Sadly, your understanding is wrong. In years one and two of the contract, the residual is fixed. In year three it is based on a percentage of an "imputed value" and is therefore also fixed. We did not achieve a percentage of distributor's gross during the entire first year a show streams.

tom said...

t and Mrklaatu -

If the "imputed value" becomes a defacto cap on residuals, I expect the WGA's then-leadership to fight for the principle we established here - a residual based on 2% of distributor's gross. The point remains: our efforts and these negotiations established a principle Nick Counter vowed we wouldn't get. The inevitably bloody ground war to enforce that principle is the ground war that now begins.

Dorkman said...

Under the terms of this deal (as I understand them), the WGA has established the principle that its members will be paid a percentage of distributor's gross for the overwhelming majority of viewers who watch a show in its second window

What mrklaatu said, along with the fact that the overwhelming majority of viewers will watch a show within its first 5 days online, and the majority of THEM within the first 24 hours.

whatyouknow said...

A promotional window period is not inherently reasonable if and when it's tied to an initial broadcast. In the old days reruns were far separate from the original airing and were often viewed a second time by the original viewers. But viewership patterns are different now; people don't rush home to see a show in its original broadcast. A person who views the program in that 17 day window is most likely to be someone who didn't catch it on the original broadcast. We're in a transitional period now, where distribution of TV programs is becoming more and more like that of films (or even magazines), in which the product becomes available on a particular day and date, then remains available in that platform until the initial run is played out. So it's not necessarily wrong or unfair to view TV programs as if the initial 17 days, or whatever, is the initial release, which comes in the form of a broadcast followed by available downloads. Now, of course, that's not to say there's not weasels afoot in the phrasing or the accounting, but on pure principle it's not an unreasonable concept.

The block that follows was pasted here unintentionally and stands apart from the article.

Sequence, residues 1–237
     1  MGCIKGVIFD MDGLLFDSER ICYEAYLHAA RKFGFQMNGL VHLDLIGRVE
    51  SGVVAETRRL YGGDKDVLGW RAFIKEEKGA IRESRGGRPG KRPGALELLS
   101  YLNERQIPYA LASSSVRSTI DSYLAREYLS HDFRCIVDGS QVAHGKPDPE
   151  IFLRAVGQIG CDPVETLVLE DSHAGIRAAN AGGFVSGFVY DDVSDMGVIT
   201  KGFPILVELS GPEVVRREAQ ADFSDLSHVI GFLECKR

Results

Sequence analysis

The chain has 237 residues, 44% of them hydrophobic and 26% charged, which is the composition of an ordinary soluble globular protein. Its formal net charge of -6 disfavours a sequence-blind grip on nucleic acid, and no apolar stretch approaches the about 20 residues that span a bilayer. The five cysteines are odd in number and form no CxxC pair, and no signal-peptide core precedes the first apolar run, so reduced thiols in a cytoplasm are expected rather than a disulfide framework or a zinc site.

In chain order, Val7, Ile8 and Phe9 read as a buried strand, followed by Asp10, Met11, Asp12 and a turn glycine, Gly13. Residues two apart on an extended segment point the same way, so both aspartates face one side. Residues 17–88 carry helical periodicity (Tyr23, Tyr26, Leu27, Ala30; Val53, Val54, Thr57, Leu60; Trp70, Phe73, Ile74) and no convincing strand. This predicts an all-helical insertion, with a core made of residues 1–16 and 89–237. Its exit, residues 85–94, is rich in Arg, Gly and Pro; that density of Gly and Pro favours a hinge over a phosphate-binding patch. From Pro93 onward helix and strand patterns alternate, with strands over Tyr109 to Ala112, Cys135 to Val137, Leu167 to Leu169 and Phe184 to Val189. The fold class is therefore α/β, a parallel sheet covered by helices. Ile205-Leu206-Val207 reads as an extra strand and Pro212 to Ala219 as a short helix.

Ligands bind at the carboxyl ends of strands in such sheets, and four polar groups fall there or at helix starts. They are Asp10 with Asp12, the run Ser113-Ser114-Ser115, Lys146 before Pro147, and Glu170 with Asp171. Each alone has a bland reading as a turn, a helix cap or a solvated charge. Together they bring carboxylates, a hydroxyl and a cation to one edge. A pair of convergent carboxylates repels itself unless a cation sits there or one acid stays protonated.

whatyouknow said...

A promotional window period is not inherently reasonable if and when it's tied to an initial broadcast. In the old days reruns were far separate from the original airing and were often viewed a second time by the original viewers. But viewership patterns are different now; people don't rush home to see a show in its original broadcast. A person who views the program in that 17 day window is most likely to be someone who didn't catch it on the original broadcast. We're in a transitional period now, where distribution of TV programs is becoming more and more like that of films (or even magazines), in which the product becomes available on a particular day and date, then remains available in that platform until the initial run is played out. So it's not necessarily wrong or unfair to view TV programs as if the initial 17 days, or whatever, is the initial release, which comes in the form of a broadcast followed by available downloads. Now, of course, that's not to say there's not weasels afoot in the phrasing or the accounting, but on pure principle it's not an unreasonable concept.

Steve Lichtman said...
This comment has been removed by the author.
Steve Lichtman said...

Klaatu, I don't think you have it quite right.